There was then a panel discussion hosted by the main organizers of the VC with ten folks who had been heavily involved, one being the THJ main man himself, Sean Muramatsu. The others were teachers, a long-term volunteer, a surfer, a real bunch of characters. There were a few serious moments but overall the tone was of sharing good memories and stories. One guy said it was hard to describe volunteering as “fun” after the thousands of people that had lost their lives in the tsunami, but for him, looking back, the teamwork, the friendships forged, the memories made, meant that in hindsight there really were moments of “fun”. I know what he meant.


They closed with a concert by The (big-In-Japan) Gospellers. A young doo-wop five piece who could actually sing and spent as much time telling stories and chatting as they did singing. The guy singing the bass-lines sounded like Barry White but I’ve seen more meat on a butcher’s pencil. He was a skinny little bugger but couldn’t half hit those low notes.


I had chance to chat to the surfer from the panel discussion during the interval. He lived in Kooriyama, Fukushima and said he hadn’t surfed since the tsunami and was saving the rest of 2011 for volunteering. He might get back in the water in 2012 but hadn’t decided yet. We’d both surfed at Toyoma and both knew the little surf-shop on the front that had been swept away. It was good to hear the guy who owned it evacuated in time and managed to survive. Today was a time for looking forward though. He was drinking Guinness but the bar had run out of beer. I refused his kind offer of a swig of his and toasted him with my fist and a smile. Good guy, hope we both get in the water more in 2012.


The trip back was a little more subdued than usual, mainly due to there being only one beer each and no time to stop to buy more. I’m sure Sean did this on purpose to avoid us peaking too soon since we were heading back to our own THJ celebration event in Tokyo where another 20 or so would be turning up, including the woman who’s grandmother’s house we helped clean-up in Hisanohama, who I miraculously bumped into on the train in Tokyo 3 days later.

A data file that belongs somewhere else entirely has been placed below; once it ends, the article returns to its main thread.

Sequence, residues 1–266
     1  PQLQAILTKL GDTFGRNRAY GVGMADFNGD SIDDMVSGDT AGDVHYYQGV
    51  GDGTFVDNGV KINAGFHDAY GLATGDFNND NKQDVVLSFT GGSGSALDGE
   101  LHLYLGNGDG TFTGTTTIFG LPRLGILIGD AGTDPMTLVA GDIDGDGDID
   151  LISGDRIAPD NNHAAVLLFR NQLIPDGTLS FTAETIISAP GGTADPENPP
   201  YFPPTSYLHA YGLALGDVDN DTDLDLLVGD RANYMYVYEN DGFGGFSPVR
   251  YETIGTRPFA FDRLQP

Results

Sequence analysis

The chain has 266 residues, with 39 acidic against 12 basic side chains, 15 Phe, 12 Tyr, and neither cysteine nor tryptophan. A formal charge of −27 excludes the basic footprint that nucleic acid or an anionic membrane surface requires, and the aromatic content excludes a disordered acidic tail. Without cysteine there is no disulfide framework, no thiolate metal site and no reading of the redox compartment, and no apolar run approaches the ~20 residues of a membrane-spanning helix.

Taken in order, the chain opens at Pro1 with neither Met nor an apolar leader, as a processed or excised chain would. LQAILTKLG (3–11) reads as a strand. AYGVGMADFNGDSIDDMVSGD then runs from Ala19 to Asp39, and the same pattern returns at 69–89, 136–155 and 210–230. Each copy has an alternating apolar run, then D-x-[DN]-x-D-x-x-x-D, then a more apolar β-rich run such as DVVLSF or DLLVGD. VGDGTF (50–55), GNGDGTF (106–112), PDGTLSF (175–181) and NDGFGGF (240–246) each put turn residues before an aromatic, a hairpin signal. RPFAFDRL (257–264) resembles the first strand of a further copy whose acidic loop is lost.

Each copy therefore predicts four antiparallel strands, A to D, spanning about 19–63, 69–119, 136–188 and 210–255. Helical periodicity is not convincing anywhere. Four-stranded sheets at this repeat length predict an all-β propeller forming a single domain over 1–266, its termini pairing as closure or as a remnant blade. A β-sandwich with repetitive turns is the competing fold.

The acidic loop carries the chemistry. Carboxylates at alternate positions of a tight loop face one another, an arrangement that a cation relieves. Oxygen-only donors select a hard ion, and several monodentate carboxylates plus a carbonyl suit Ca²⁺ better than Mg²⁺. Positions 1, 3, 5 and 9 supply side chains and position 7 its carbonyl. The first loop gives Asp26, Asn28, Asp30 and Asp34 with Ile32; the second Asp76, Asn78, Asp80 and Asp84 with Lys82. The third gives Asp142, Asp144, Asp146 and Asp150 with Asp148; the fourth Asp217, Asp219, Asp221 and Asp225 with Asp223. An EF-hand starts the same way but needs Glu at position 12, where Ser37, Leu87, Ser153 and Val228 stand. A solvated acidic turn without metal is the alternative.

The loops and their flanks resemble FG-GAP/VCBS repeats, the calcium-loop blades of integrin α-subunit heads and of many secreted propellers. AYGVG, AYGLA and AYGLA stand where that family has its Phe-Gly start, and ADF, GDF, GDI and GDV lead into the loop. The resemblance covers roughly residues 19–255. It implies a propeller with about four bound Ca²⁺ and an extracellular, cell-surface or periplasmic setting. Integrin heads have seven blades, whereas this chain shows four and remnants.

Back in Tokyo in the shadow of Phillipe Starck’s awful Asahi beer building, or as it’s known locally the Unko (Turd) building, we kicked off our own event. During my opening toast I was wishing I’d had more than just the one beer on the bus but everything seemed to go OK. I tried to convey the feeling that we were all lucky to have been part of the THJ effort and this meant anyone who had ever attended, donated to, publicised or supported THJ in any way since their first missions in April. The team have become like an extended family and I know I've made some friendships that will probably last a lifetime.

Even though we were from very different backgrounds, with different interests, there are things that we won’t forget. More than just the devastation up North, there were the people we’ve been lucky to meet up there, the characters, their stories, their hardships, their optimism. The team work, the buddy system, the mud and the sweat. The kids we met, Dirk with his balloon animals, and the smiles on the kids’ faces. The emotional goodbyes after a job and the tears of gratitude. The speeches in the bus coming home, all the songs that were sung, and the new facebook friendships forged every Sunday morning after every trip. And at last, the first signs of a slow recovery.

This was what I remember from the trips so far, and a big hats-off to Sean, Daisuke, Taki, Sylvain and all the other Team Leaders for kicking off Team HEAL Japan, keeping it going and making everyone feel welcome.